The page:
There was a time when vehicle owners are at the mercy of manufacturers. Not this time though; a check online will reveal that there is a law that protects car owners in the country. To be exact, this law known as the Song-Beverly (Lemon Law) which offers protection to consumers who have been at the receiving end of underperforming vehicles.
In general, the Song-Beverly law offers protection for the consumers and buyers who lease and purchase new vehicles. Under this law, the new motor vehicle includes not just the new vehicle but also the demonstrators. And the most common demonstrators include the chassis, the chassis cab and the propulsion. A quick reading of the law reveals that the consumer can get back the purchase amount or can get another new vehicle provided that the manufacturer in the state has failed to service and repair the vehicle after the required number of reasonable repair attempts. It is expected that the manufacturer or its representative should effectively repair the said vehicle to bring it back to the same efficiencies as expressed in the warranty. And if it fails to do so, it has the option to return the amount paid, or to replace an identical vehicle of the same make and model.
The amount of money that can be returned to the consumer will often include the price paid for the manufacturer-installed products and accessories and the transportation expenses. But the amount to be returned to the consumer will not include the price that has been paid for other accessories that provided by the manufacturer. Technically, it is the choice of the consumer if he/she wants the purchase amount or to simply get a replacement. Whatever the choice made by the consumer, it is expected that the manufacturer and the dealer should cover the payment for the registration, sales and use tax, and other fees associated in owning the vehicle. Other costs that have been incurred by the consumer should be shouldered by the other party as well including finance charges, towing and repair fees.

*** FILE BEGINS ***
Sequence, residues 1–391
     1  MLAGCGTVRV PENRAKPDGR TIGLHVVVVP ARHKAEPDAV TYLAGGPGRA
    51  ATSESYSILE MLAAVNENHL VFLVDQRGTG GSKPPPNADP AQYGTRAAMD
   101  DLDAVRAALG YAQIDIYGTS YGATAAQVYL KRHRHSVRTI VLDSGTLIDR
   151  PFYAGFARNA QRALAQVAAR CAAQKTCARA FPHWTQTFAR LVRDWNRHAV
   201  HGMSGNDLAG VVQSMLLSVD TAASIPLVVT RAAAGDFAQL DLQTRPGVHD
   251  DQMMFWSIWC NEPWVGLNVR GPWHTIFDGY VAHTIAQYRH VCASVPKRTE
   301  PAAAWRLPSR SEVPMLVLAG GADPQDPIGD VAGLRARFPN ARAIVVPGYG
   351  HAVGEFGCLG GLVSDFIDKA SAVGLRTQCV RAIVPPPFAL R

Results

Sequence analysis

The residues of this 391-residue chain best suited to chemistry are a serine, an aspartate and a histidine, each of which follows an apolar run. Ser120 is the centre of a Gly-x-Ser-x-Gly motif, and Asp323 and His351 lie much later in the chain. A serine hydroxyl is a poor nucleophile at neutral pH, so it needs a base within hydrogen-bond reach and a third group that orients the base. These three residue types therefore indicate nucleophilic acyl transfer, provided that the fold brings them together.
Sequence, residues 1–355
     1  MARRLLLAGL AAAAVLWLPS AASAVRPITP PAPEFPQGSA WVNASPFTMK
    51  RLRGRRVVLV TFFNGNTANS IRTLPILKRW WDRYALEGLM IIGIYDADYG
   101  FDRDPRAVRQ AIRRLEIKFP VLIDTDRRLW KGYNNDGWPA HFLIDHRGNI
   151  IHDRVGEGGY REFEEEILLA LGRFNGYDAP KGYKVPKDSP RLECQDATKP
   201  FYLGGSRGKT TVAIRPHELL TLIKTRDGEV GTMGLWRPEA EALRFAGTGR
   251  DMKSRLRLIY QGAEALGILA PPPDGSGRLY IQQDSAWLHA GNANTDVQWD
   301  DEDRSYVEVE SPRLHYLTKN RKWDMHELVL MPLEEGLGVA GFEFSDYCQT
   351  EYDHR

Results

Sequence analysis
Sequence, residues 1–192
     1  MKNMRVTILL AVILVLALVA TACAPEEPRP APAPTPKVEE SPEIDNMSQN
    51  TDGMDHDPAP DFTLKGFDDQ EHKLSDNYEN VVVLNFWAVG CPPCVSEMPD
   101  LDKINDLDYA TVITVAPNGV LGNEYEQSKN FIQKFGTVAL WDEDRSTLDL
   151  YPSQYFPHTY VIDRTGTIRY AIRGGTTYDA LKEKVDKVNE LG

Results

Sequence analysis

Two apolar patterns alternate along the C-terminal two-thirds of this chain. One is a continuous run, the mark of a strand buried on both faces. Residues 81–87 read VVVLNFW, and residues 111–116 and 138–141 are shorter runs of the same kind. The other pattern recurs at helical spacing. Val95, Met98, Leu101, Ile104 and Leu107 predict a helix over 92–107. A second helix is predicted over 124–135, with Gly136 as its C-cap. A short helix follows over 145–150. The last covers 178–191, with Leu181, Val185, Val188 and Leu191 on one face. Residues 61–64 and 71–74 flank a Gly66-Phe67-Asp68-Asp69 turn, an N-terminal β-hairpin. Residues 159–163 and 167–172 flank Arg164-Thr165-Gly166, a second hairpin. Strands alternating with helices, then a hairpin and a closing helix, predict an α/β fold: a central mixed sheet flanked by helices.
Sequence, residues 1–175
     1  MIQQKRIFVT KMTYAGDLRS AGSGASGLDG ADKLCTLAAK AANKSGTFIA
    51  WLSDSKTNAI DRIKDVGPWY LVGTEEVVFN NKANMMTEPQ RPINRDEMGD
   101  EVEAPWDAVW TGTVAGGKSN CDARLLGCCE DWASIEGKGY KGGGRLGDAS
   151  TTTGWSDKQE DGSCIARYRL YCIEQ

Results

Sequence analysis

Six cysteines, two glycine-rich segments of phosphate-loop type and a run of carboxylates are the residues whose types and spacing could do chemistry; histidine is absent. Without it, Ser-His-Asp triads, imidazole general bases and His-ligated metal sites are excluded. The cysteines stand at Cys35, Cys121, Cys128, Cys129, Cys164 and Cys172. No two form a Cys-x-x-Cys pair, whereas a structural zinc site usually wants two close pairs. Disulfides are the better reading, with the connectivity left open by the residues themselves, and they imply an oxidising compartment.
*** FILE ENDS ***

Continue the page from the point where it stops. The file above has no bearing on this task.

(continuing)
The consumer many be charged as well whether the vehicle considered as ‘lemon’ will be replaced or refund for the unit price will be provided. There is a formula used in computing for the amount that will be charged against the consumer. Take for example a car that has travelled 4,000 miles before this was brought to the repair shop. Using the computation where 4,000/120,000 then it follows that the consumer may be charged with 3 percent of the price for usage purposes. Just keep in mind that these rules and the computation will be applicable for the entire period of the warranty. If the vehicle is covered by a 5-year warranty, and the defect has been discovered after two years then the same rules listed above will be followed. The manufacturer can either replace the vehicle or it can offer a refund, provided that the consumer agrees to it.
But there are some limitations with this law as well. The ‘Lemon Law’ will not apply to your case if the problem occurred because the owner abuse product after delivery. The key here in order to maximize the coverage of the law is to follow the terms of warranty, and to use the vehicle properly.